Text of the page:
• 32.
    Fryknäs, Mårten
    et al.
    Uppsala University, Disciplinary Domain of Medicine and Pharmacy, Faculty of Medicine, Department of Genetics and Pathology.
    Rickardson, Linda
    Uppsala University, Disciplinary Domain of Medicine and Pharmacy, Faculty of Medicine, Department of Medical Sciences, Clinical Pharmacology.
    Wickström, Malin
    Uppsala University, Disciplinary Domain of Medicine and Pharmacy, Faculty of Medicine, Department of Medical Sciences, Clinical Pharmacology.
    Dhar, Sumeer
    Uppsala University, Disciplinary Domain of Medicine and Pharmacy, Faculty of Medicine, Department of Medical Sciences, Clinical Pharmacology.
    Lövborg, Henrik
    Uppsala University, Disciplinary Domain of Medicine and Pharmacy, Faculty of Medicine, Department of Medical Sciences, Clinical Pharmacology.
    Gullbo, Joachim
    Uppsala University, Disciplinary Domain of Medicine and Pharmacy, Faculty of Medicine, Department of Medical Sciences, Clinical Pharmacology.
    Nygren, Peter
    Uppsala University, Disciplinary Domain of Medicine and Pharmacy, Faculty of Medicine, Department of Oncology, Radiology and Clinical Immunology, Oncology.
    Gustafsson, Mats G.
    Uppsala University, Disciplinary Domain of Science and Technology, Technology, Department of Engineering Sciences, Signal Processing. Uppsala University, Disciplinary Domain of Medicine and Pharmacy, Faculty of Medicine, Department of Genetics and Pathology.
    Isaksson, Anders
    Uppsala University, Disciplinary Domain of Medicine and Pharmacy, Faculty of Medicine, Department of Genetics and Pathology. Uppsala University, Disciplinary Domain of Medicine and Pharmacy, Faculty of Medicine, Department of Medical Sciences, Clinical Pharmacology.
    Larsson, Rolf
    Uppsala University, Disciplinary Domain of Medicine and Pharmacy, Faculty of Medicine, Department of Medical Sciences, Clinical Pharmacology.
    Phenotype-based screening of mechanistically annotated compounds in combination with gene expression and pathway analysis identifies candidate drug targets in a human squamous carcinoma cell model2006In: Journal of Biomolecular Screening, ISSN 1087-0571, E-ISSN 1552-454X, Vol. 11, no 5, p. 457-468Article in journal (Refereed)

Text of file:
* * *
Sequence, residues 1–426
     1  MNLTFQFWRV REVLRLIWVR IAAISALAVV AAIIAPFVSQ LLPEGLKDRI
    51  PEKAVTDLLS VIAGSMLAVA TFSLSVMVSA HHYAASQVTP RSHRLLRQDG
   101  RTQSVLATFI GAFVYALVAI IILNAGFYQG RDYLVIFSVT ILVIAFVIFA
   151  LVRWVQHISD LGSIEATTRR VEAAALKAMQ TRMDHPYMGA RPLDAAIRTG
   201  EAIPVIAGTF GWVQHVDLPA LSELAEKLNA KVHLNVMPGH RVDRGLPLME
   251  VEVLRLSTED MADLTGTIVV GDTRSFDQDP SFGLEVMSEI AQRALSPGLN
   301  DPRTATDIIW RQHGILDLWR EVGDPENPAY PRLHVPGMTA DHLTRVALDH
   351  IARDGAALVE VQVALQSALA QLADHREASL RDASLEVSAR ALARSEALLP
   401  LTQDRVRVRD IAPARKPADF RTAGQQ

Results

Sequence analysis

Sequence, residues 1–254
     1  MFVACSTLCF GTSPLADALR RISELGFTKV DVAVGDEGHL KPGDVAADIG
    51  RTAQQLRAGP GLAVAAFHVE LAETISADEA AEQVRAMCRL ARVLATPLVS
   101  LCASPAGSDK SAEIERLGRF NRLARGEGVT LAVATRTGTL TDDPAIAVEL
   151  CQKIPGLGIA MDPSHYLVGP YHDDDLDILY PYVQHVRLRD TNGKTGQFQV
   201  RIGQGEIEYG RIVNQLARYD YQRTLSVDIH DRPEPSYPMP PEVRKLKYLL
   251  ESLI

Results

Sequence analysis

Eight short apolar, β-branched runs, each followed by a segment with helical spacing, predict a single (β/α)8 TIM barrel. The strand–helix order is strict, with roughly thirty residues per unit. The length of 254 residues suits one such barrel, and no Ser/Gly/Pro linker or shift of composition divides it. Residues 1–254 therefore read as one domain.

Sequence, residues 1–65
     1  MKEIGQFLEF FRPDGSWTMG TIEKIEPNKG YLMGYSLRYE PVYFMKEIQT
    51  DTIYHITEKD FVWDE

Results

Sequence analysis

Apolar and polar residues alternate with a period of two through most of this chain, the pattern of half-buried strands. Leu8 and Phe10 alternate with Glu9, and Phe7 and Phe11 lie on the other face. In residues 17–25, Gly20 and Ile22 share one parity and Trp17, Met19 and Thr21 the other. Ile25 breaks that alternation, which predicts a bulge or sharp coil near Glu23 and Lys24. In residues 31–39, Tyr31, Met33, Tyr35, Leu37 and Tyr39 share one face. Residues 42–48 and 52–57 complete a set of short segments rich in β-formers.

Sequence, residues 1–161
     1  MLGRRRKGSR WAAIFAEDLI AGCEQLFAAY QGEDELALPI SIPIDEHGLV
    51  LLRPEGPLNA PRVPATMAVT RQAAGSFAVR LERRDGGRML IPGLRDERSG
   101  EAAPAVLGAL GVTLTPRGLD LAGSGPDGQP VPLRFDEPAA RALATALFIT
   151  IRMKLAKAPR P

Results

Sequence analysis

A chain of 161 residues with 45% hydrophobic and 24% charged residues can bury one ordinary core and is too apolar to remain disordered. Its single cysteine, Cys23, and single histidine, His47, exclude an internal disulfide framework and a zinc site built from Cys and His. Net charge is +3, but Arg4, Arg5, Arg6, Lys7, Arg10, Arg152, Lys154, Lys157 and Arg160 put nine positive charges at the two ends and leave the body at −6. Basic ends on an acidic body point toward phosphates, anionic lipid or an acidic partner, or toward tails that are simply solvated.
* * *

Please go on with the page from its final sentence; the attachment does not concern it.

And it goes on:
Abstract [en]

    The squamous cell carcinoma HeLa cell line and an epithelial cell line hTERT-RPE with a nonmalignant phenotype were interrogated for HeLa cell selectivity in response to 1267 annotated compounds representing 56 pharmacological classes. Selective cytotoxic activity was observed for 14 of these compounds dominated by cyclic adenosine monophosphate (cAMP) selective phosphodiesterase (PDE) inhibitors, which tended to span a representation of the chemical descriptor space of the library. The PDE inhibitors induced delayed cell death with features compatible with classical apoptosis. The PDE inhibitors were largely inactive when tested against a cell line panel consisting of hematological and nonsquamous epithelial phenotypes. In a genome-wide DNA microarray analysis, PDE3A and PDE2A were found to be significantly increased in HeLa cells compared to the other cell lines. The pathway analysis software PathwayAssist was subsequently used to extract a list of proteins and small molecules retrieved from Medline abstracts associated with the hit compounds. The resulting list consisted of major parts of the cAMP-protein kinase A pathway linking to ERK, P38, and AKT. This molecular network may provide a basis for further exploitation of novel candidate targets for the treatment of squamous cell carcinoma.

  • 33.
    Gillespie, Ulrika
    et al.
    Uppsala University, Disciplinary Domain of Medicine and Pharmacy, Faculty of Pharmacy, Department of Pharmaceutical Biosciences.
    Alassaad, Anna
    Hospital Pharmacy, University Hospital of Uppsala, Sweden.
    Henrohn, Dan
    Uppsala University, Disciplinary Domain of Medicine and Pharmacy, Faculty of Medicine, Department of Medical Sciences, Rheumatology.